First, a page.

Is ultraviolet light the answer to disinfection and elimination of coronavirus?

Coronavirus is a highly contagious organism and is spreading exponentially. All attempts to curtail its human-to-human transmission has found moderate success. Already, it has killed a quarter-million people globally.  But the lockdown cannot continue indefinitely and hence scientists are trying to find out ways that could quickly and effectively sanitize the areas frequented by the public. Could ultraviolet light be the answer?

Coronavirus and disinfection

Authorities have told people to wash their hands periodically for two minutes and use face masks in public places to avoid catching the virus. Social distancing has been enforced. Additionally, governments are getting public places sprayed with disinfectant solutions to kill the viruses on the surface.

UV light and coronavirus [Source: Pinterest]
In China, robots and drones are used to spray disinfectant solutions in public spaces. Furthermore, the various airline companies and Amazon are also utilizing disinfectant fogging to sanitize the areas around. And now scientists are working on ultraviolet light. They are trying to find out whether it can effectively kill the virus and if so, how and after how much duration and with what dose!

Ultraviolet light and its likely usefulness  in coronavirus pandemic

Ultraviolet light is an effective tool to kill bacteria and viruses. For many decades, it has been used in hospitals and operating rooms as a mode of disinfection. As a result, Allied Market Research did a reliable survey and found out that the global UV light for disinfection market was $1.1 billion in the year 2018. And the estimate is that it would reach $3.4 billion by 2026.

Xenex Disinfection Services based in Texas tested its LightStrike robot against the coronavirus. Medical equipment maker Terumo sells this product in Japan. The machine emits light which has wavelengths between 200 and 315 nanometres and therefore can be used for decontamination of beds, doorknobs,  and such other surfaces.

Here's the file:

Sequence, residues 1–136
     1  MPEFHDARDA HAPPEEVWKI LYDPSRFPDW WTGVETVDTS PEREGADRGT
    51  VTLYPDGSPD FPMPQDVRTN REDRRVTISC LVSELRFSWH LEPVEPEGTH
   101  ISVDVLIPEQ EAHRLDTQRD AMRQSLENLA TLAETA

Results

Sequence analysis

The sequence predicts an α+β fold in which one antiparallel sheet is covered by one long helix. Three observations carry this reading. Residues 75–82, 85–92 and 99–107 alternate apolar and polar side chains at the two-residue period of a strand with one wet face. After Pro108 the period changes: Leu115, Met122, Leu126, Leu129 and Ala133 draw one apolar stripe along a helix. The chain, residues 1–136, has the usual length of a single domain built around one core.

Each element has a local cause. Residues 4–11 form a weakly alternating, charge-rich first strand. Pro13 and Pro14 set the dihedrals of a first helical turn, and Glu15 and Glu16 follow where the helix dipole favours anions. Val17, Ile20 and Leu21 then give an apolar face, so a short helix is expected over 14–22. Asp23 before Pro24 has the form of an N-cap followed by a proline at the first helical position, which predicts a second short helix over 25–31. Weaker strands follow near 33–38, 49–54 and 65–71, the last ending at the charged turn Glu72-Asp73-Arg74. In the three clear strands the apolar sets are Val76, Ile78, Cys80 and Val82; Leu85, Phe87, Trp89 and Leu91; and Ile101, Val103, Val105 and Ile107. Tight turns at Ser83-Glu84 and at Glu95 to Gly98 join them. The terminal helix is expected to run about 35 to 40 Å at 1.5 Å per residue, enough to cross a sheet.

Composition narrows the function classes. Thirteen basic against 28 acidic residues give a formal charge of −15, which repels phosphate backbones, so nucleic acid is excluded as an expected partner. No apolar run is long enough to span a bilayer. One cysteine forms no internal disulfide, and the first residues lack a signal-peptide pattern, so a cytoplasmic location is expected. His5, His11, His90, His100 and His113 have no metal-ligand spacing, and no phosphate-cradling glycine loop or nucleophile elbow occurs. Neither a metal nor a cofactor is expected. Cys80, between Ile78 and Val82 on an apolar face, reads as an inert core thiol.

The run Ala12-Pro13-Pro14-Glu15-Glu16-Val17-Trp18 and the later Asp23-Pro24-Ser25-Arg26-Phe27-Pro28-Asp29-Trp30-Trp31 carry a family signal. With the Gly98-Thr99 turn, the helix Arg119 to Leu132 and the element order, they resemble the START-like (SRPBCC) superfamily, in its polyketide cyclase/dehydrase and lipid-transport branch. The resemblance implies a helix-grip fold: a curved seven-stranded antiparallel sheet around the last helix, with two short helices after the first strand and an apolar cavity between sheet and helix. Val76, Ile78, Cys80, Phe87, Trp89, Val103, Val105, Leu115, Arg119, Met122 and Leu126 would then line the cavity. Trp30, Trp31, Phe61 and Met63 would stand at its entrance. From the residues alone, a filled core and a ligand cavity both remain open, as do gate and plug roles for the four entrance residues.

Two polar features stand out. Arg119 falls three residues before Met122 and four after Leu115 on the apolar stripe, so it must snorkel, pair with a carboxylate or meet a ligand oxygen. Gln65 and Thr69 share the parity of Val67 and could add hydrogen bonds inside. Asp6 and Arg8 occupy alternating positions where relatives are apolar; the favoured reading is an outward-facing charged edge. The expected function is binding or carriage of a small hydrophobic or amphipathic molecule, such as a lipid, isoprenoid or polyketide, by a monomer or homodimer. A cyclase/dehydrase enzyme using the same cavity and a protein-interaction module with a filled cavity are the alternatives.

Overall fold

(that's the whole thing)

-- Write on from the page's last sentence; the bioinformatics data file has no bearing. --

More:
UV and its use [Source: China Daily]
Their study showed that the LightStrike robot could eliminate the coronavirus from N95 face masks in just two minutes. Additionally, it is 99.99% effective in reducing the coronavirus from the surface of the mask. Therefore, due to the acute shortage of masks, one can reuse the masks safely after UV light radiation treatment.

The robot is currently present in 500 institutions worldwide. A Terumo representative said:

“Between March and April, we had inquiries from more than 100 medical institutions,”

Will this be the solution for coronavirus and the future?

The likely problems of UV light

Though UV light is very good as a disinfectant, it has its problems as well. There are three types of UV light: UV – A, UV – B, and UV-C. UV – C is the most effective and harmful one. It can decontaminate the air, surfaces, and water bodies faster and effectively. Hence it would be the best one to use.

UV robots in China [Source: Pinterest]
But people cannot see these rays with the naked eyes. Besides, they can irritate the skin and eyes. The UV rays are not totally harmless and can cause skin damage and induce cancer in some individuals. Hence one cannot recommend its widespread use. More studies to establish the right dose, method and duration of exposure to kill coronavirus would be ideal.

Also, read Will mascara overtake lipstick after 2020 due to coronavirus pandemic and face mask use?

Source: CNBC, Financial Times, IT